New Research

Schmitz: The Costs of Monopoly: A New View

Economists overwhelmingly agree that the actual costs of monopoly are small, even trivial. This consensus is based on a theory that assumes monopolies are well-run businesses that limit their output in order to drive up prices and maximize profit.

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Brinca, Chari, Kehoe & McGrattan: Accounting for Business Cycles

We elaborate on the business cycle accounting method proposed by Chari, Kehoe, and McGrattan (2007), clear up some misconceptions about the method, and then apply it to compare the Great Recession across OECD countries as well as to the recessions of the 1980s in these countries. We have four main findings.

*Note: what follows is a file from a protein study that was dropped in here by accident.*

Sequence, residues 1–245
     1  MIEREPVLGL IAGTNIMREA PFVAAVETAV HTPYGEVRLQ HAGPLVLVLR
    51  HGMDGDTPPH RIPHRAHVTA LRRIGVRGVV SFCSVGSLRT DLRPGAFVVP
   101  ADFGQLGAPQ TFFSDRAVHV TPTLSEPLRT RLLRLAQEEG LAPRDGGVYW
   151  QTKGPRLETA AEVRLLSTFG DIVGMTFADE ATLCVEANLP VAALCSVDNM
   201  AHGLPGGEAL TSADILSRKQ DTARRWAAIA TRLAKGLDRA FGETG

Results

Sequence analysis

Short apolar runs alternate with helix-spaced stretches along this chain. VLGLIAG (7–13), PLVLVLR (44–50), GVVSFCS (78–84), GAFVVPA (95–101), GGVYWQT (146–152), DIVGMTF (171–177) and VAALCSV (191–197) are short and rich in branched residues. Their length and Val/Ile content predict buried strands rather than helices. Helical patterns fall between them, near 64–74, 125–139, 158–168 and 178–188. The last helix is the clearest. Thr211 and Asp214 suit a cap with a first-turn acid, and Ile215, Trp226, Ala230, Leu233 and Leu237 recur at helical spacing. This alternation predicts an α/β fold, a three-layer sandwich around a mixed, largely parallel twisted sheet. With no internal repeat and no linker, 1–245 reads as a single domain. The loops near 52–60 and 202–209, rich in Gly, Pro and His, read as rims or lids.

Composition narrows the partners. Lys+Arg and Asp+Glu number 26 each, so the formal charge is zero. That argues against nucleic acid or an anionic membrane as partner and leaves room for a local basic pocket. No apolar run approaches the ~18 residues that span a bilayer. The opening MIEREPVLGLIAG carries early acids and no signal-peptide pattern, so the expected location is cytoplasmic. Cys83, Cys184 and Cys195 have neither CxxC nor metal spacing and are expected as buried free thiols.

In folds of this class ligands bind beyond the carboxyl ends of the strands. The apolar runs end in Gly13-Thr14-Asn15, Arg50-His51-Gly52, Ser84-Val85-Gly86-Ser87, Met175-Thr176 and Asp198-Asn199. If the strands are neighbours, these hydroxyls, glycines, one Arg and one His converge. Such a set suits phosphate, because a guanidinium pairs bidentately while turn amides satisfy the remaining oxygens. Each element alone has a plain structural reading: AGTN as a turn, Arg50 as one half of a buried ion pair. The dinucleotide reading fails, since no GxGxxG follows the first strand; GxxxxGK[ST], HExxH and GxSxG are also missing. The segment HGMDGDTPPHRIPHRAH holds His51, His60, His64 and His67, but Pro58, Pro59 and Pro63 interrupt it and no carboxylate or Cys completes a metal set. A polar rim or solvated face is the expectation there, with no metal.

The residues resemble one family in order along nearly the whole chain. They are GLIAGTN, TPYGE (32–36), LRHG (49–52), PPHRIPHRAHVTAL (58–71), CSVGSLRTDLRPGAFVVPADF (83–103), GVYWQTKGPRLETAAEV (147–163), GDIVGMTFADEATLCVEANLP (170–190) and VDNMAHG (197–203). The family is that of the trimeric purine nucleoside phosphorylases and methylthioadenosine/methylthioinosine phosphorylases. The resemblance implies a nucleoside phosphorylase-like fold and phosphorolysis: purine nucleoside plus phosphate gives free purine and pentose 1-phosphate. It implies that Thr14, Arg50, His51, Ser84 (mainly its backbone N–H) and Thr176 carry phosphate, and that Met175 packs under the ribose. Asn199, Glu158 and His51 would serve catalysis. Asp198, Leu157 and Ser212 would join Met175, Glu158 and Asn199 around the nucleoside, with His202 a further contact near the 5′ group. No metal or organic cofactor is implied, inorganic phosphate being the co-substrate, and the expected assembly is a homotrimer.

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Kehoe & Pastorino: Debt Constraints and the Labor Wedge

Changes in household debt and employment across regions of the U.S. during the Great Recession are highly correlated: regions where the decrease in household debt was most pronounced were also regions where the decline in employment was most severe.

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Koijen & Yogo: Shadow Insurance

Life insurers use reinsurance to move liabilities from regulated and rated companies that sell policies to shadow reinsurers, which are less regulated and unrated off‐balance‐sheet entities within the same insurance group. U.S. life insurance and annuity liabilities ceded to shadow reinsurers grew from $11 billion in 2002 to $364 billion in 2012.

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